Top 25 school corporations with outflows to another public school corporation. School CorporationsTransfers Out to Another Public School (N)
Indianapolis Public Schools23459
Gary Community School Corp6972
South Bend Community School Corp4805
Anderson Community School Corp3162
Fort Wayne Community Schools2540
Muncie Community Schools2370
Elkhart Community Schools1958
MSD Warren Township1902
Kokomo School Corporation1892
Greater Clark County Schools1727
School City of Hammond1513
MSD Lawrence Township1509
Marion Community Schools1361
School City of East Chicago1218
Evansville Vanderburgh School Corp1185
MSD Pike Township1065
Perry Township Schools1064
Richmond Community Schools1027
New Albany-Floyd Co Con Sch979
Monroe County Community Sch Corp910
North Lawrence Com Schools884
MSD Washington Township880
MSD Wayne Township864
Michigan City Area Schools849
LaPorte Community School Corp839

Net Transfers Out

The analysis of net transfer out revealed that 165 school corporations have a net outflow to another public school corporation. They lost more students than they gained through student transfer provisions. Table 2 shows the net outflow numbers and percentages for the 28 school corporations with the largest net losses to other public schools. The top two school corporations experienced a net outflow of more than 100%, meaning that these schools lost more students than they gained, and the number of students that transferred out was greater than their enrollment in 2022. The next 11 school corporations, in descending order of net percentage outflow, experienced a net outflow between 25% and 53%. The remaining 15 school corporations experienced a net outflow between 15 and 25%.

Table 2.
Top 28 Corporations which LOST ADM by percent to other public school corporations (represents at least 15% of ADM loss in net transfers out).

School CorporationsNet Transfers OUT (N)Net Transfers OUT (% of Total ADM)
Gary Community School Corp-6972-170.97%
Indianapolis Public Schools-22500-102.15%
Northeast School Corp-402-52.21%
Anderson Community School Corp-3137-50.63%
Tri-Township Cons School Corp-166-49.26%
Muncie Community Schools-2187-43.05%
Hamilton Community Schools-135-38.35%
Marion Community Schools-1296-35.01%
School City of East Chicago-1154-34.46%
Cannelton City Schools-73-33.33%
Kokomo School Corporation-1623-30.99%
South Bend Community School Corp-4478-29.00%
Oregon-Davis School Corp-127-25.60%
East Gibson School Corporation-175-24.27%
C A Beard Memorial School Corp-245-22.94%
North Lawrence Com Schools-805-22.00%
Richmond Community Schools-962-21.25%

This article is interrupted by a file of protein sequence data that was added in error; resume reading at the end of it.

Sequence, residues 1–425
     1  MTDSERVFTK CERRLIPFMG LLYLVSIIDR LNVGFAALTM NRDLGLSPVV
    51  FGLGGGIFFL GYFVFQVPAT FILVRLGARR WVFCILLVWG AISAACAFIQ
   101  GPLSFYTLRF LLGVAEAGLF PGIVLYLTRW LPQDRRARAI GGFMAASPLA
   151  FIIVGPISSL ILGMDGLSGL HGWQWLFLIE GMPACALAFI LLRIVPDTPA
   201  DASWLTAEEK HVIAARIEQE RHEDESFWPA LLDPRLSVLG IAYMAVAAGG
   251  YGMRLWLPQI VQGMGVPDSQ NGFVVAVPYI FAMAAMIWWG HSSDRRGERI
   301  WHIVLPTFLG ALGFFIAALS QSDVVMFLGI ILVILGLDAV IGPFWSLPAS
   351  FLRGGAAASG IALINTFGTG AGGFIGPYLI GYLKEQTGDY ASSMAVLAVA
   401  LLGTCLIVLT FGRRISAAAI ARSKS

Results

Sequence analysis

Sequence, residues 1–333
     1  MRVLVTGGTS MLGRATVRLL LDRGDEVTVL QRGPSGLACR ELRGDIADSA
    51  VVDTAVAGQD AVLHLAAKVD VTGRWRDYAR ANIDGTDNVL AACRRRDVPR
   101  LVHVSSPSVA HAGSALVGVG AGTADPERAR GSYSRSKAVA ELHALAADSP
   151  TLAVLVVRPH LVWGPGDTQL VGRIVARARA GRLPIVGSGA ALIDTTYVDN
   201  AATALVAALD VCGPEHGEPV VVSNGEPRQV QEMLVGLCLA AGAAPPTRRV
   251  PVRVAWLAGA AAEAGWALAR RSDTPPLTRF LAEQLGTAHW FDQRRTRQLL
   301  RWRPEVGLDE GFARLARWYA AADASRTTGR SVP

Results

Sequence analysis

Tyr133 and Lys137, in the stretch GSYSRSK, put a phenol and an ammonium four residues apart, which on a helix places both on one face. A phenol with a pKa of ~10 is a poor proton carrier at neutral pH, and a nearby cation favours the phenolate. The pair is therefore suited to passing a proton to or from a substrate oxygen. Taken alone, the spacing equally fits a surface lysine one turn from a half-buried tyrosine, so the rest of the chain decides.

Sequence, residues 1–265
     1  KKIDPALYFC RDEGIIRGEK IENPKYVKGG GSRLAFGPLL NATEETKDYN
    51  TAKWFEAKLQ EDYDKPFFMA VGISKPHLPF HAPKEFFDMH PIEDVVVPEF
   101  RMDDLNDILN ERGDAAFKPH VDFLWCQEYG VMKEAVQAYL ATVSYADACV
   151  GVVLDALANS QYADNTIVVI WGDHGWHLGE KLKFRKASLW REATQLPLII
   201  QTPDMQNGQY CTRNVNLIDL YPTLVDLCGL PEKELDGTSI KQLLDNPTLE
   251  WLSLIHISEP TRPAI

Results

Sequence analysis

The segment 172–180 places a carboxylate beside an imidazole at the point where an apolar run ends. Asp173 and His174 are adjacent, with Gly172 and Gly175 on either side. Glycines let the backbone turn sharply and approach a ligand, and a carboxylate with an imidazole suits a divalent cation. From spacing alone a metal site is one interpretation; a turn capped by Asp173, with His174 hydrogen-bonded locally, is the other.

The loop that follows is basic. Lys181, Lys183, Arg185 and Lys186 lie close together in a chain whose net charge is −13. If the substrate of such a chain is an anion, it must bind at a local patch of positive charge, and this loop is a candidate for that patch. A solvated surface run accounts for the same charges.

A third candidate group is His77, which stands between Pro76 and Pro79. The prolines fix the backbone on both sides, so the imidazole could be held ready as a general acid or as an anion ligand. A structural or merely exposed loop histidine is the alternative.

South Dearborn Community Sch Corp-407-20.70%
Lakeland School Corporation-330-20.56%
Whitko Community School Corp-241-19.82%
North Judson-San Pierre Sch Corp-174-18.69%
North Adams Community Schools-281-17.45%
Blackford County Schools-256-17.10%
MSD Shakamak Schools-114-16.91%
Madison Consolidated Schools-452-16.71%
Tell City-Troy Twp School Corp-225-16.07%
Pike County School Corp-252-16.01%
Borden-Henryville School Corp-263-15.33%

Where Are Students Transferring To?

Analyzing the proportion of transfers out to nonpublic schools reveals that for a majority of the school corporations — 150 out of 290 (about 52%) — 2% or less of their transfers out are attributable to school choice scholarships. Within these school corporations, most of the transfers out from public school corporations were to other public schools, including public charter schools. Public charter schools are public schools that operate independently of the traditional public school system and are authorized to provide education services accessible to all students.

However, it is important to note that the overall proportion of transfers out (53%) are from choice scholarships, or “vouchers,” so while there are schools whose transfers out are largely to other public school corporations, the overall transfer out due to vouchers is higher than transfers out to other public school corporations. This trend is complicated due to public charter schools being presented as public schools in the IDOE data. Disaggregating public charter schools presented in Table 7 changes the net transfer out to other public schools trend presented in Table 2. Tables 3 and 4 present the top 25 school corporations with nonpublic transfers, accounting for 62% of the total nonpublic transfers out.

Table 3.
Transfers out to nonpublic school corporations.

Transfers out to nonpublic school corporations. Top 25 Corporations with Nonpublic TransfersNumber of Nonpublic Transfers (N)
Fort Wayne Community Schools5159
Indianapolis Public Schools4184
South Bend Community School Corp3553
Evansville Vanderburgh School Corp2566
Perry Township Schools2015
East Allen County Schools1524
School City of Hammond1159
MSD Lawrence Township1009
Franklin Township Com Sch Corp998
MSD Pike Township876
MSD Warren Township874
MSD Washington Township820
Hamilton Southeastern Schools799
Bartholomew Con School Corp758
Anderson Community School Corp744
Tippecanoe School Corp719
Penn-Harris-Madison School Corp618
Gary Community School Corp592
MSD Wayne Township588
Elkhart Community Schools582
Lafayette School Corporation576
New Albany-Floyd Co Con Sch576
Greater Clark County Schools514
Lake Central School Corporation507
Avon Community School Corp506